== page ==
Personalized skincare has so much appeal. The skincare industry is overcrowded and incredibly noisy in terms of constantly emerging trends, companies, products, and aggressive marketing. How can you navigate through the seemingly endless options available to pinpoint the products that are best suited for your skin?

As a dermatologist and media expert, I pour over science and studies behind new skincare innovations. I serve on advisory boards, attend the most cutting edge industry conferences, and personally test products. My patients ask me all the time to make specific, personalized skincare recommendations and I love to share that information because it makes a real difference when your products actually work to meet your needs.

I am always interested in learning about innovations in this area that can help people to better educate themselves as to which types of products will be most beneficial for their individual needs. That’s why I was so intrigued when I learned about HelloAva.

I met the company’s co-founder, Siqi Mou at a beauty event in NYC. Siqi – who happens to be strikingly beautiful, warm, and incredibly forward thinking – explained to me that the concept for this innovative company was born in her business school class at Stanford and it has gained momentum and grown exponentially in the past few years.

The concept is akin to a Stitch Fix for your face and uses the tagline, “the Brains Behind Your Beauty.” I was excited to learn more about this platform, which merges artificial intelligence with live skincare consultants, to personalize your skincare selections. Siqi and her team have gone to great lengths to make this process streamlined, accurate and productive and to set themselves apart from predecessor “online skincare consultant” brands that lacked “wow” factor. So, I asked Siqi to share her insight, journey as a young entrepreneur in such a competitive space, and more about HelloAva with you guys!

DWB: I remember you explaining to me that HelloAva was initially created as part of a business school project. Can you share more on how this project evolved from its initial stages to the incredible new company you now run?

SM: Yes, indeed. It started as a class project in this class called “Lean Launchpad” at Stanford graduate school of business, which taught you how to test out an idea lean before going in 100%. Originally we wanted to make customized skincare products but after interviewing over 300 women during this class, we realized the bigger pain point is “not being able to identify what works for me” and over 90% of the women we talked to expressed that they had to go through trials and errors to identify what works. We want to eliminate that process and help people get to their “perfect match” faster. So we decided to change the idea and instead build a platform to use big data to help people identify what works for what kind of people, and then lead customers to the right set of solutions more efficiently.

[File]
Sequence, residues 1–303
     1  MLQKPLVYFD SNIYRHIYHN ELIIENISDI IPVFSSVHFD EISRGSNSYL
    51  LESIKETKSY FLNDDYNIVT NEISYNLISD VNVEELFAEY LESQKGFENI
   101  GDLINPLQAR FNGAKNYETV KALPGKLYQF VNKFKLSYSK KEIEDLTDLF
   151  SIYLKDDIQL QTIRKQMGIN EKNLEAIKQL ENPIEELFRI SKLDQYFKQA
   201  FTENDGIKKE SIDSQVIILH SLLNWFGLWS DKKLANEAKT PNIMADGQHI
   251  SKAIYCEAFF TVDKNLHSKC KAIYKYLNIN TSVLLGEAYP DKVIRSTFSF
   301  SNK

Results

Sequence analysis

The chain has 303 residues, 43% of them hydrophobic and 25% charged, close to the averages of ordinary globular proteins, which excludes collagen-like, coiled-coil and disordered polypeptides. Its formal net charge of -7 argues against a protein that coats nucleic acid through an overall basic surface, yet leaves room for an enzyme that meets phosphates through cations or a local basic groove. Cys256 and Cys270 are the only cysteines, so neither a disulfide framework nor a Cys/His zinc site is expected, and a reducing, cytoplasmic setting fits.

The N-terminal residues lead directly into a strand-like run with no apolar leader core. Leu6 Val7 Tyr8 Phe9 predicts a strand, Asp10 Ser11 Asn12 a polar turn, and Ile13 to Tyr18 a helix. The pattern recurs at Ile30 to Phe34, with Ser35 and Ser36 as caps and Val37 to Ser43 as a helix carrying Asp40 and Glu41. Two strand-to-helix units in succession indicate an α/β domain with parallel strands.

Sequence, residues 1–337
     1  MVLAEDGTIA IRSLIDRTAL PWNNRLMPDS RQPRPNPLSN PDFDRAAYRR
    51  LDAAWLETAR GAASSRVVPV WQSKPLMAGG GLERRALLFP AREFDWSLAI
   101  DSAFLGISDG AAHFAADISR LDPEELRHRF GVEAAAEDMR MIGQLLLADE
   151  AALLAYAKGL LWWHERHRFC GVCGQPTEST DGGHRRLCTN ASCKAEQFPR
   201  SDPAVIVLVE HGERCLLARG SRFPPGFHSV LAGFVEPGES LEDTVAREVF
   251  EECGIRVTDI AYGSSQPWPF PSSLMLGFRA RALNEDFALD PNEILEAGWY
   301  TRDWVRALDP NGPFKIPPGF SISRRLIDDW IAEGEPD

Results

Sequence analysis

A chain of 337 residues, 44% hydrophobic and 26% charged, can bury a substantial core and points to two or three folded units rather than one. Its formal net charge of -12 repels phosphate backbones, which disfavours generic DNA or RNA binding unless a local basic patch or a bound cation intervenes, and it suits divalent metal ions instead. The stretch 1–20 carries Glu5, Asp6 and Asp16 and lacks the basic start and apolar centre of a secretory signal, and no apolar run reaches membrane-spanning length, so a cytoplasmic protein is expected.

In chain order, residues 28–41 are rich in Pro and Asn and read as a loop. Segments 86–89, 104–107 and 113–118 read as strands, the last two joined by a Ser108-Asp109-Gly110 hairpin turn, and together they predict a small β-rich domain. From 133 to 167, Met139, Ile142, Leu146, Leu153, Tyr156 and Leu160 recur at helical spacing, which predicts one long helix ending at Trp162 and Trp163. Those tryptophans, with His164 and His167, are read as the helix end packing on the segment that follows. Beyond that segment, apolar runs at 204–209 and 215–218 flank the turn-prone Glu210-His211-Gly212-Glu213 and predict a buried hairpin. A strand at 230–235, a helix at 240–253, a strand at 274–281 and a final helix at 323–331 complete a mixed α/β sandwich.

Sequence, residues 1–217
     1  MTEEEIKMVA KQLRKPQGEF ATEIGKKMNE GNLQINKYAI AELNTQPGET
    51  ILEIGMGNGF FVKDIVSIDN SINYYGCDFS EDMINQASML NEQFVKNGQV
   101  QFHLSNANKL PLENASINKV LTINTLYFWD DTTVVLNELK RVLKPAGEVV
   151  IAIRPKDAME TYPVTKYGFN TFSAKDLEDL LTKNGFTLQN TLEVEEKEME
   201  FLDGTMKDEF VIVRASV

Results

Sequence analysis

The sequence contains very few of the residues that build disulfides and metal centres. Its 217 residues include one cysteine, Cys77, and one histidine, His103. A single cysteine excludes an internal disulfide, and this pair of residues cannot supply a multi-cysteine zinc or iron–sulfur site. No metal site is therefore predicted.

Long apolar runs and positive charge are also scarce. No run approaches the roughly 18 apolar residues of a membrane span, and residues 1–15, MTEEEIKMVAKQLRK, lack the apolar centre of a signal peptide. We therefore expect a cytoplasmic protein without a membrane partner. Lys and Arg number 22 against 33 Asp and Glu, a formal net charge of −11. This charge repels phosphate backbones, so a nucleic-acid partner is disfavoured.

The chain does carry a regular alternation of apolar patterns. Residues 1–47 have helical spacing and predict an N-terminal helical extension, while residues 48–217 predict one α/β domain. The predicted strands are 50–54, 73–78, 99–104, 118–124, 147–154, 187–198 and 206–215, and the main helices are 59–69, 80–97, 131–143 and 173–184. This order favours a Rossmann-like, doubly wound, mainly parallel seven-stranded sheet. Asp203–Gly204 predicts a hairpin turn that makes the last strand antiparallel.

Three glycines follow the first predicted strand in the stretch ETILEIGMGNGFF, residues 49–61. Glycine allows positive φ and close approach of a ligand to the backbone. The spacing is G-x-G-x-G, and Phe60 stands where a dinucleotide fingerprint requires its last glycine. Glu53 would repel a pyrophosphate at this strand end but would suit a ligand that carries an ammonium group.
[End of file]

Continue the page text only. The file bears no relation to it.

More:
DWB: I’ve heard you describe HelloAva as the “Stitch Fix” for your face. Can you share more on that analogy?

SM: Stitch fix matches you with a personal stylist and uses both AI and human expertise to personalize clothing choices for you. We are trying to do that for a different vertical. The challenge is that for beauty products, customers cannot just try them and return what they don’t like, so we show them what they are getting before we ship the products out. This way users can read more about the products and make more informed decisions before they receive the products. What’s very unique about our service is that we always highlight why certain product is good for the user based on personalized information, and everyone’s content is different and 100% customized. Say if someone has dryness and dullness as key concerns, we will highlight what ingredients in the matched products will solve for those needs. 

DWB: HelloAva is such an innovation because it merges human intelligence (read: real live skin care consultants) with data science to pinpoint the best products for your skin. How does this work?